A striking example of the dangerous road deterioration can be cited by referring to the scandalous disorganization of interstate road transport that look place in July of this year when flood waters turned the Hume Highway into a quagmire. This holdup cost thousands of pounds in lost time and wasted goods. Of course, the losses eventually will be passed on, in the form of increased prices, to the wage-earner, who always pays in the end.

It is said that constitutional difficulties prevent the implementation of any national plan to improve our roads. I conclude my remarks on roads by saying that, if this is so, then there is a golden opportunity awaiting this Government to show to the people of Australia that it is genuinely concerned for the economic development of the country, by taking immediate steps to alter the Constitution as it applies to roads. This would be evidence of the Government’s consideration for the welfare of Australia and its determination to remove not only the greatest drawback to national development, but also one of the most obvious causes of inflation and high prices. This statement is supported by remarks of Sir John Latham, which were reported in the Melbourne “ Age “ of 3rd August last. In the course of the article, Sir John, referring to two anomalies that should be rectified, said -

One is the constitution of the Senate, created as the protector of State rights, which has become the House of no importance; the other is the famous section 92 which has wrecked our road system in the name of inter-State free trade.

I wish now to address a few remarks to the subject of public works. The increase of our population demands a review of government policy in relation to public works and semi-government bodies. Concern and alarm are mounting rapidly in the undeveloped and partially-developed areas. A warning has gone out from the Melbourne and Metropolitan Board of Works that, due to the lack of sewerage and drainage, Melbourne could become a giant fever bed in the summer. This position has been accentuated by the reduction of loan money from £10,000,000 to £7,423,000. In addition, there are 67,000 unsewered homes in the metropolis, and the city is 335 miles short in water reticulation. Sewerage works have been cut by £1,096,000 and drainage works by £250,000. These loan cuts mean that there will be many dry taps in Melbourne during the coming summer. This position, of course, is causing serious concern, and it is reliably stated that hepatitis has reached epidemic proportions due to the lack of drainage and sewerage. The incidence of this disease is causing grave alarm in medical circles.

The lag in State public works is serious, but even more serious is the plight of the municipalities because of their failure to obtain sufficient funds to undertake the construction of streets and permanent roads, drainage and other essential public services. In Sunshine, which is a part of my electorate, private street construction is to be carried out at a cost of £1,500,000; but needless to say, the municipal council is unable to find the finance that is necessary for this work.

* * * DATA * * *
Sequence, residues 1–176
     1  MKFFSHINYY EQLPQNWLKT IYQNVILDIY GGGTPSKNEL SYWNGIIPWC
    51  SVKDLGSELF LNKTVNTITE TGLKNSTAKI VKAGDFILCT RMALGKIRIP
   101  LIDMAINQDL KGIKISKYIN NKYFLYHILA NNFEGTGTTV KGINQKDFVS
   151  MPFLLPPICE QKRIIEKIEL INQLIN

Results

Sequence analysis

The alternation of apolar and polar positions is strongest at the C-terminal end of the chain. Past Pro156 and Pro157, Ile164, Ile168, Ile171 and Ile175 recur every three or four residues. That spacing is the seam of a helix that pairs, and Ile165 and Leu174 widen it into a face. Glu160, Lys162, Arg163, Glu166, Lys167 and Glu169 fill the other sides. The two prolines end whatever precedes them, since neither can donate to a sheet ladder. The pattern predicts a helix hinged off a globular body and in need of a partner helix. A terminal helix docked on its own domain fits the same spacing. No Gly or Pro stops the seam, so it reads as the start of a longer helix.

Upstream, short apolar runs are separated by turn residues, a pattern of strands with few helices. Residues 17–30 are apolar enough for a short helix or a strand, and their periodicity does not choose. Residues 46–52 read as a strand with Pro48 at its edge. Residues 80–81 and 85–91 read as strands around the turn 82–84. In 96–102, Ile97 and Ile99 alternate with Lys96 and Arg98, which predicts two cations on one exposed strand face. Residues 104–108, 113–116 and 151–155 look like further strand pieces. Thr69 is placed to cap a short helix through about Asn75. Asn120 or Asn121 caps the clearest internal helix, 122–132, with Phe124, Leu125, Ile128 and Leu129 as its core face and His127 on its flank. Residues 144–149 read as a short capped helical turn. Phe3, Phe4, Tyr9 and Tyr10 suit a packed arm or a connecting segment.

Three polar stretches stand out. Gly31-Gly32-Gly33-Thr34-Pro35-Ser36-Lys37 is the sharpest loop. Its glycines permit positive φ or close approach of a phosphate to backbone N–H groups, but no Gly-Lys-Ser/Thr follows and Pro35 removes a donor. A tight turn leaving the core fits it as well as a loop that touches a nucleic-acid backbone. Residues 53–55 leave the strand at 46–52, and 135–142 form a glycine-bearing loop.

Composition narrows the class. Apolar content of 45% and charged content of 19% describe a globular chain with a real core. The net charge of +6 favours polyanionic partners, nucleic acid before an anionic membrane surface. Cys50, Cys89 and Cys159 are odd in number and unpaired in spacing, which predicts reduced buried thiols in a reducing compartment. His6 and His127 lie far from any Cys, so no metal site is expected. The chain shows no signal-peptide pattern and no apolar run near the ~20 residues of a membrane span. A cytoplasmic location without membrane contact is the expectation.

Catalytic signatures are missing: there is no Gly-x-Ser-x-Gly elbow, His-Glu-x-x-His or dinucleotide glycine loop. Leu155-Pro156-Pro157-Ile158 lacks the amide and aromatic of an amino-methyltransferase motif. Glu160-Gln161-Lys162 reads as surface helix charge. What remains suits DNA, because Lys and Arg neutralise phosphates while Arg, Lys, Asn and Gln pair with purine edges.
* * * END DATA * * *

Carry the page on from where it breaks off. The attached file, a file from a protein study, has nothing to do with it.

I also wish to refer to the subject of unemployment. The attention of the Government was directed to this matter by the Victorian Employers Federation in March last, when the little budget was introduced. The federation, members of which support this Government, warned the Government that unemployment would result from the recent economic measures. Its forecast has proved correct. Indeed, unemployment has already commenced because of the budgetary measures. Workers are being dismissed from State and Federal government departments, and from private enterprise.

Some indication of outside opinions concerning government expenditure can be gleaned from a statement made at a taxpayers’ conference in Hobart recently. Those who attended the conference also were supporters of this Government. The statement read -

Government to-day has become too big; the Public Service has swollen out of all proportion to the population and the expenditure of public moneys is absorbing more than 25 per cent, of our entire national income. The average citizen is uncomfortably conscious of the vast size of our government. We all want and expect many services from the Government, to be sure, but we are baffled by its magnitude, puzzled by its complexities, and frightened by its cost. Instinctively we see a possible danger to democracy itself.

If taxpayers, manufacturers, retailers and other supporters of this Government affirm their objection to the “ baron “ budget - for that is what it should rightly be called, because those who will derive the greatest benefit from it are the monopoly barons - then the Government cannot take exception to complaints from the workers, who will be hurt most of all. It should not object, either, to the rightful indignation of age and invalid pensioners, or to the cries of dismay from ex-servicemen when they appreciate the nature of the higher interest costs they will have to meet. It has truly been said that there are two worlds - the world that we can measure with line and rule, and the world that we feel with our hearts and imagination. I am of the definite opinion that this Government does not know either world, if it is to be judged on its attitude to the workers and the pensioners.